How To Save 30% of American Health Care Costs
The Salt Lake Tribune (http://www.sltrib.com/sltrib/world/54842066-68/care-health-report-medica...) and KSL News (http://www.ksl.com/index.php?nid=130&sid=22026938) are publishing an Associated Press article about yesterday's Institute of Medicine report (http://www.iom.edu/Reports/2012/Best-Care-at-Lower-Cost-The-Path-to-Cont...) which asserts that $750 billion and 75,000 lives per year could be saved if we had a better quality health care system. Excerpts:
The U.S. health care system squanders $750 billion a year — roughly 30 cents of every medical dollar — through unneeded care, byzantine paperwork, fraud and other waste, the influential Institute of Medicine said Thursday in a report that ties directly into the presidential campaign.
President Barack Obama and Republican Mitt Romney are accusing each other of trying to slash Medicare and put seniors at risk. But the counter-intuitive finding from the report is that deep cuts are possible without rationing, and a leaner system may even produce better quality.
If banking worked like health care, ATM transactions would take days, the report said. If home building were like health care, carpenters, electricians and plumbers would work from different blueprints and hardly talk to each other. If shopping were like health care, prices would not be posted and could vary widely within the same store, depending on who was paying.
If airline travel were like health care, individual pilots would be free to design their own preflight safety checks — or not perform one at all.
How much is $750 billion? The one-year estimate of health care waste is equal to more than ten years of Medicare cuts in Obama’s health care law. It’s more than the Pentagon budget. It’s more than enough to care for the uninsured.
Getting health care costs better controlled is one of the keys to reducing the deficit, the biggest domestic challenge facing the next president. The report did not lay out a policy prescription for Medicare and Medicaid but suggested there’s plenty of room for lawmakers to find a path.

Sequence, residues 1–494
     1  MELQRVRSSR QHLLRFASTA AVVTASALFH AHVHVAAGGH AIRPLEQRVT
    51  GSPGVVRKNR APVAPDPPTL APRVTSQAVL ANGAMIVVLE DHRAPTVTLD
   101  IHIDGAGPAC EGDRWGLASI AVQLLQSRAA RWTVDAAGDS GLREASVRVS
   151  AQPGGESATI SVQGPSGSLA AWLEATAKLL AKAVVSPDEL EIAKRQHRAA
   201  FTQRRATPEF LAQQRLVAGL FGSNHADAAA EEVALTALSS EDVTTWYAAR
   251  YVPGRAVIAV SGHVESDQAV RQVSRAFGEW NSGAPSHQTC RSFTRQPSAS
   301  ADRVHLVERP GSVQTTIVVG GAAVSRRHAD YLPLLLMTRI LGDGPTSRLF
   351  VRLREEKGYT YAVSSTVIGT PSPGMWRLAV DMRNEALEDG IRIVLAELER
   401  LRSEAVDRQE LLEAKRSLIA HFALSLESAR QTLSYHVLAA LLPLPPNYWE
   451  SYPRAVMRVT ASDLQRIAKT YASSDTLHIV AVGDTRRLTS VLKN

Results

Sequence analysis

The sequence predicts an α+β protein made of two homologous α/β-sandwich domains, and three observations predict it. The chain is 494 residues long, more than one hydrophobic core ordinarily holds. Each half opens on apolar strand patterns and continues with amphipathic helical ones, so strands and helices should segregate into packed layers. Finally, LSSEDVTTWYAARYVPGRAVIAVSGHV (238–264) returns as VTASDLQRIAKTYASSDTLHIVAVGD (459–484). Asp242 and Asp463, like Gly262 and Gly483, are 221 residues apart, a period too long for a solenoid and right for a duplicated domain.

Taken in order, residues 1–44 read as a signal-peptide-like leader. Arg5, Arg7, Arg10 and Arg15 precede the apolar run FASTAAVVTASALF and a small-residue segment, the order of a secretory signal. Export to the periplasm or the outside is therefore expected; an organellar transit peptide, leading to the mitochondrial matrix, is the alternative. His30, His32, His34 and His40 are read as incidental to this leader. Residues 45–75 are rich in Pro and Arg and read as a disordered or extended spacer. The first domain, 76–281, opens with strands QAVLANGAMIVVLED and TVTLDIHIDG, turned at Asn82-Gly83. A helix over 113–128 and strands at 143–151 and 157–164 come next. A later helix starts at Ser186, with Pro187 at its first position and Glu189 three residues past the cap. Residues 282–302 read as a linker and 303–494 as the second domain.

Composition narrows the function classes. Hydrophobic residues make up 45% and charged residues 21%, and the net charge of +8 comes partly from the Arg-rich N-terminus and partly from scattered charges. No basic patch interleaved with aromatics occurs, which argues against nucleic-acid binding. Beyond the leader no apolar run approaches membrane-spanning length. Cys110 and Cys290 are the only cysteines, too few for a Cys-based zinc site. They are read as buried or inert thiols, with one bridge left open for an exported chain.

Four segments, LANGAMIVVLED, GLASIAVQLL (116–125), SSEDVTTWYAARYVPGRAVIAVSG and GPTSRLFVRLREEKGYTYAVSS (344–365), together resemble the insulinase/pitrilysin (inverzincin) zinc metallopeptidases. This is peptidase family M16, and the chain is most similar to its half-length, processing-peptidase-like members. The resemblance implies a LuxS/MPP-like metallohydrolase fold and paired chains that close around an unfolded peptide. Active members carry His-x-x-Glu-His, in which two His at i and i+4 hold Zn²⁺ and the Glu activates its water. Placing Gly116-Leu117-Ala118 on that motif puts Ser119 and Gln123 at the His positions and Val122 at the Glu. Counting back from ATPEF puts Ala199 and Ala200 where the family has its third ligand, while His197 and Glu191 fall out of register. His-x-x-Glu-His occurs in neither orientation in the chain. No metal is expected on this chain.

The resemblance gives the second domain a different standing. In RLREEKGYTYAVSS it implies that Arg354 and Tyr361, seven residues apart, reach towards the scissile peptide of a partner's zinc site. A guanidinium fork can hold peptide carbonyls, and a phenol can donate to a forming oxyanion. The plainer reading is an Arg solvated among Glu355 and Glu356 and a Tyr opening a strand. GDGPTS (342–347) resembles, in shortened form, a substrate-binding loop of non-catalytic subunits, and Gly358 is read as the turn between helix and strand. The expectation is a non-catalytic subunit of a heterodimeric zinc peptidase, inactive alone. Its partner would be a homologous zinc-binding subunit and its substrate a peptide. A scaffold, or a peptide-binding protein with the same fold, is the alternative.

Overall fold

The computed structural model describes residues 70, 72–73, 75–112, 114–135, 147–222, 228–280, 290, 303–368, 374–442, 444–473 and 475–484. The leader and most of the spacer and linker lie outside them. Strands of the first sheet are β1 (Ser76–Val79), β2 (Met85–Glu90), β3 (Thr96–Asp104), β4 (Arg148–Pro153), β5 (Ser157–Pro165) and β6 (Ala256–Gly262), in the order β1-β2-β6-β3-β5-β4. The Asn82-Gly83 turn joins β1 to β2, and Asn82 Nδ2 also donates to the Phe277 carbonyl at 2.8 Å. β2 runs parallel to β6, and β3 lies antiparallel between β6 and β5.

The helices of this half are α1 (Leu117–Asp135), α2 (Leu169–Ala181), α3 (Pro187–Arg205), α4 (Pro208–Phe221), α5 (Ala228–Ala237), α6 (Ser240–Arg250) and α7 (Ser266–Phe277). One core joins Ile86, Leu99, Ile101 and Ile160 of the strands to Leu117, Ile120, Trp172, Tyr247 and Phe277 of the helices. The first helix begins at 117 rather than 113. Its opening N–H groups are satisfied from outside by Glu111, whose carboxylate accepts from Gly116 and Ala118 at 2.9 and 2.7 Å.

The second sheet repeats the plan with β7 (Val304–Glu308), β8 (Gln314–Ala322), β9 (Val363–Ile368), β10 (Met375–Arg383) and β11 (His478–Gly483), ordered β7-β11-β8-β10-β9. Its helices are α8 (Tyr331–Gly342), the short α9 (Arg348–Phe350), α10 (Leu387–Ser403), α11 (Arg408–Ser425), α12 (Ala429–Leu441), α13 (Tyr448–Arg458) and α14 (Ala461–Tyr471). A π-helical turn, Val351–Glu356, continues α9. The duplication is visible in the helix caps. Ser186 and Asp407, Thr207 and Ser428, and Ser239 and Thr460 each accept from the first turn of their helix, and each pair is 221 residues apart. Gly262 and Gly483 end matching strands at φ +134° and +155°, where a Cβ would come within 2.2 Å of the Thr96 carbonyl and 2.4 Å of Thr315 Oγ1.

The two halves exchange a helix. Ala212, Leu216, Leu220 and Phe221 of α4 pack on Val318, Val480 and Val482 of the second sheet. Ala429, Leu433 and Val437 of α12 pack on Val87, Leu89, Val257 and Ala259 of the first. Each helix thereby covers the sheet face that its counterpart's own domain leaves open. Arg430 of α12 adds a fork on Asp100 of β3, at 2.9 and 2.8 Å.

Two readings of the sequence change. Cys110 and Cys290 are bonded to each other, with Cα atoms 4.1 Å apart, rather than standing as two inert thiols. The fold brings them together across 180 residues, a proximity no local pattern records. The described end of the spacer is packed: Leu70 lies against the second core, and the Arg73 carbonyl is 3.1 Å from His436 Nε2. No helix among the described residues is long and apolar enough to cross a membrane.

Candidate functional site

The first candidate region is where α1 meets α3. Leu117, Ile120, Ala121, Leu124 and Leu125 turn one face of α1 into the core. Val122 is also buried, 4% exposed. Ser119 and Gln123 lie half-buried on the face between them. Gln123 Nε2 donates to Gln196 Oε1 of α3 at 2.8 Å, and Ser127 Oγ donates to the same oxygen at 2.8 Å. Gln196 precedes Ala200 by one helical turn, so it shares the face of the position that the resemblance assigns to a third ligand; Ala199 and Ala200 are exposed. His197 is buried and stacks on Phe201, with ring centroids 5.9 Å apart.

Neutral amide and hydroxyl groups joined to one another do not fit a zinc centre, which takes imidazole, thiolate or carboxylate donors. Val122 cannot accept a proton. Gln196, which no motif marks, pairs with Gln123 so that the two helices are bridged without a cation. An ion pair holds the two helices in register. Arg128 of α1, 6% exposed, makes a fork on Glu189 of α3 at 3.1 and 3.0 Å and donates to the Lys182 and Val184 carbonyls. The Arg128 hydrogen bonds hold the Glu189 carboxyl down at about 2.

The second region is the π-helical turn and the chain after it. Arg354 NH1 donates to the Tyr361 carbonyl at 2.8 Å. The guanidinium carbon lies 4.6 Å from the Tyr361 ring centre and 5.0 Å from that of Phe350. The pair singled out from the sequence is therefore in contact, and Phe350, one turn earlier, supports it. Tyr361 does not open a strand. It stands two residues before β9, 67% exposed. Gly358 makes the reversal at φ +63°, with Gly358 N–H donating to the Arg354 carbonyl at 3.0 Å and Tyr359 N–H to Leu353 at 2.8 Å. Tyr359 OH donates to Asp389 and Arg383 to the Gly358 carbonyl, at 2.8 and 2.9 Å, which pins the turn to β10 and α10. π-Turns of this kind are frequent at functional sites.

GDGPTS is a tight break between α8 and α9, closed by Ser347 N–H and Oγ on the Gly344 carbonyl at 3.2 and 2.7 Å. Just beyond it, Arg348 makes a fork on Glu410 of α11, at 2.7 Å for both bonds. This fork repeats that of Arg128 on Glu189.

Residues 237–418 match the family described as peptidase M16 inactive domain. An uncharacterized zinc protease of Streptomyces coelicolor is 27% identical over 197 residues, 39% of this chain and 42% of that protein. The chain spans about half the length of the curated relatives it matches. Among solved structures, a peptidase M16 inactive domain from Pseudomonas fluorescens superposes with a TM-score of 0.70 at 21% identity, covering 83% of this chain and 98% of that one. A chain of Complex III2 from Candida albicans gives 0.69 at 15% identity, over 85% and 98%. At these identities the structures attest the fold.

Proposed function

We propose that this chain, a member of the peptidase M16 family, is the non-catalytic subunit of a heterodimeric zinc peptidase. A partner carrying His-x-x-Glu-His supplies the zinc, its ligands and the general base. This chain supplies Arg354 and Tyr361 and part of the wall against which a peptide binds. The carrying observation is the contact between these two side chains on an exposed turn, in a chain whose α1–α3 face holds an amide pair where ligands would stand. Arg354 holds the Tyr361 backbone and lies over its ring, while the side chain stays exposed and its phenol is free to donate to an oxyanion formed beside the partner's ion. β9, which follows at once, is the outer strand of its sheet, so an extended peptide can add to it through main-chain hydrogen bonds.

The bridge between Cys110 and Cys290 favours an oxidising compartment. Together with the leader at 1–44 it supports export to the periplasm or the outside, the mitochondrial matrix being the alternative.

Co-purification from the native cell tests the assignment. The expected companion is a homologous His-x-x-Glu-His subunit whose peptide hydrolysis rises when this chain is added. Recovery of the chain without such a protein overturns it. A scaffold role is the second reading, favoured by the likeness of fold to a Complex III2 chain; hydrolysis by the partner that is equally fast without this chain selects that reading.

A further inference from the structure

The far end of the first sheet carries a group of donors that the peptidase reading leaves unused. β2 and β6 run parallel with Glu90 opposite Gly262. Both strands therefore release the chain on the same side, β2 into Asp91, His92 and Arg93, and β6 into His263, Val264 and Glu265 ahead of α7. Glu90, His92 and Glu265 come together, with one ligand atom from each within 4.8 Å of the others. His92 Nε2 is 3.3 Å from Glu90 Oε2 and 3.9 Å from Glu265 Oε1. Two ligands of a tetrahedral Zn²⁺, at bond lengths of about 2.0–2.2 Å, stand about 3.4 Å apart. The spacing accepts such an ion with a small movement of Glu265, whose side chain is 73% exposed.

Both Obama and Romney agree there has to be a limit to Medicare spending, but they differ on how to get that done. Obama would rely on a powerful board to cut payments to service providers, while gradually changing how hospitals and doctors are paid to reward results instead of volume. Romney would limit the amount of money future retirees can get from the government for medical insurance, relying on the private market to find an efficient solution. Each accuses of the other of jeopardizing the well-being of seniors.
More than 18 months in the making, the report identified six major areas of waste: unnecessary services ($210 billion annually); inefficient delivery of care ($130 billion); excess administrative costs ($190 billion); inflated prices ($105 billion); prevention failures ($55 billion), and fraud ($75 billion). Adjusting for some overlap among the categories, the panel settled on an estimate of $750 billion.
Examples of wasteful care include most repeat colonoscopies within 10 years of a first such test, early imaging for most back pain, and brain scans for patients who fainted but didn’t have seizures.
If airline travel had the passenger safety record of American hospitals, a fully loaded 747 would fall out of the sky killing all passengers each week.
The only pathway forward in health system reform is eliminating waste due to inefficiency and poor quality. The major impediments to waste elimination continue to be the private health insurance business model (wastefully inefficient), corporate welfare (we buy too many drugs and medical devices), and inappropriate care (health insurers pay for medical interventions that are not clinically indicated).
Health system reform can not succeed if it begins by entrenching corporate interests, especially those of the health insurance industry. We can not continue to pretend that market forces will make corporate welfare disappear. The pretense of market forces in health care is what gives corporate welfare its stranglehold on the American economy.
Every American needs to stop being afraid of 'socialized medicine' and 'rationing' and start being afraid of simply being admitted to an American hospital, where patient safety is an afterthought, if it is ever considered.
Dr. Joe Jarvis